When the heritage listed Glebe Bridge in Coraki, northern NSW, required upgrades, Greenloaning confirmed that the cracks, crevices and gaps between the timbers were providing roosting habitat for a large colony of threatened Southern Myotis (Myotis macropus).
Greenloaning prepared a Review of Environmental Factors (REF), a Flora and Fauna Report and a Microbat Management Plan (MMP) for the Roads and Maritime Services for the project.
To ensure the well-being of the microbats during the bridge works, some bats were translocated from their roosts in the construction spans, to bat boxes installed in undisturbed sections of the bridge. This involved effective coordination of construction schedules and microbat activity to facilitate smooth progression of the bridge upgrade works, while avoiding disruption to the Southern Myotis’s breeding behaviours and avoiding physical disturbance during cold conditions when the bats were likely to be in semi-torpor. Greenloaning also conducted follow-up monitoring to ensure the bats were not impacted by the relocation.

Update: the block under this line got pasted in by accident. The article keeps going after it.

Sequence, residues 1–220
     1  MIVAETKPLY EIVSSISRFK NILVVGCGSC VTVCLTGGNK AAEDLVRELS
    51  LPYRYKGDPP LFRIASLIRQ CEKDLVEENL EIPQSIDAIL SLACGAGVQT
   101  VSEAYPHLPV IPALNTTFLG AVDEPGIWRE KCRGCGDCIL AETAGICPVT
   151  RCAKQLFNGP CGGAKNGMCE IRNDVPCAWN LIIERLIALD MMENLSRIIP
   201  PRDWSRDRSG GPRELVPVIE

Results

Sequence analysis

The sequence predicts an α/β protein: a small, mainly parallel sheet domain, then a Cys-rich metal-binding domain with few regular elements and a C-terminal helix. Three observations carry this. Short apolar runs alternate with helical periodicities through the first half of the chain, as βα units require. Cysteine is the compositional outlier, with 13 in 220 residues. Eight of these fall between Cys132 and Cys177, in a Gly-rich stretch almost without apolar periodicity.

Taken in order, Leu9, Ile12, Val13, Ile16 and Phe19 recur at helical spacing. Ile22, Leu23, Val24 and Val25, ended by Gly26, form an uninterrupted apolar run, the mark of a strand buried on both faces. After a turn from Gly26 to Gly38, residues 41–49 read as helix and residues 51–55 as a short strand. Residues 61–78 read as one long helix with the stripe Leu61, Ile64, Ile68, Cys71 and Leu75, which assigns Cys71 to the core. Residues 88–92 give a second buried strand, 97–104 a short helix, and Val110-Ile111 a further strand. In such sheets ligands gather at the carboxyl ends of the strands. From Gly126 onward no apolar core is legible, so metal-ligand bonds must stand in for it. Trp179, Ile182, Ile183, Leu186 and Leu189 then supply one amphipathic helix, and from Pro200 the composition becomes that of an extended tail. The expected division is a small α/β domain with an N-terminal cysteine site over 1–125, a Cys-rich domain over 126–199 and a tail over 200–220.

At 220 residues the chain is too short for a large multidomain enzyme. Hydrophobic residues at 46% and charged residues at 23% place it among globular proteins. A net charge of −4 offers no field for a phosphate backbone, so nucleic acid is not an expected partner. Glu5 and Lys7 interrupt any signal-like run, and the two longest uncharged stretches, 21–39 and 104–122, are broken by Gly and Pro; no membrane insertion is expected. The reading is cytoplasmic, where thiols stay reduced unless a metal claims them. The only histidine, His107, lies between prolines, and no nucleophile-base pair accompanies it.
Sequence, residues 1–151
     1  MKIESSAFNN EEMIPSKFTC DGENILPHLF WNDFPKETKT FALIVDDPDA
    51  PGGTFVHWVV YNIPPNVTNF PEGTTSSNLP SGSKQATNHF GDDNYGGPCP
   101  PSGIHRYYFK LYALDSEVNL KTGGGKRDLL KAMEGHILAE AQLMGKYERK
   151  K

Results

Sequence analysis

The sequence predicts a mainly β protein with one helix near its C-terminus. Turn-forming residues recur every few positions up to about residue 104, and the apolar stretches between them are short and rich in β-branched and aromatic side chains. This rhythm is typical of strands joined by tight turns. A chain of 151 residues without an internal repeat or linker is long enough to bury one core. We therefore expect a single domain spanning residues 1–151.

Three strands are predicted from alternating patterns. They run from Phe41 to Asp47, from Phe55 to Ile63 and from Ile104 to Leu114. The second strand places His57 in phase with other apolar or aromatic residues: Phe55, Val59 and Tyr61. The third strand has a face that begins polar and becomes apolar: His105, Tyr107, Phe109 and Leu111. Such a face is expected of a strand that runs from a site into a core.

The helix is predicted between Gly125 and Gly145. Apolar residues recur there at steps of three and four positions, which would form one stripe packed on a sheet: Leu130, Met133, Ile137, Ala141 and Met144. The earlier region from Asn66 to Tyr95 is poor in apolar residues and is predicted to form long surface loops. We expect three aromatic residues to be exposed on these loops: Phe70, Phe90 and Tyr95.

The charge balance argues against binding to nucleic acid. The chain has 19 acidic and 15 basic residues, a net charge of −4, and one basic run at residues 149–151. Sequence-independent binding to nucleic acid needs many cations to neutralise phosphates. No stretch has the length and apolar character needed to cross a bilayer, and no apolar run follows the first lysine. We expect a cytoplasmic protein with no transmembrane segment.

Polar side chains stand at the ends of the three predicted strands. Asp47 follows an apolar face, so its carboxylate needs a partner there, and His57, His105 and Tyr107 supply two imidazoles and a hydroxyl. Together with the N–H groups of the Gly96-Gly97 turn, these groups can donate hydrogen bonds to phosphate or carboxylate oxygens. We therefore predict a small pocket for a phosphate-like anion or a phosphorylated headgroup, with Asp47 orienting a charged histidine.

The ecology and management of microbats is a particular specialty of the company director, Alison Martin, who is currently developing industry guidelines, in conjunction with a colleague, for the specific management of microbats in linear infrastructure. Alison presented a poster on the positive outcomes from the Glebe Bridge project at an Australasian Wildlife Management Society Conference (AWMS).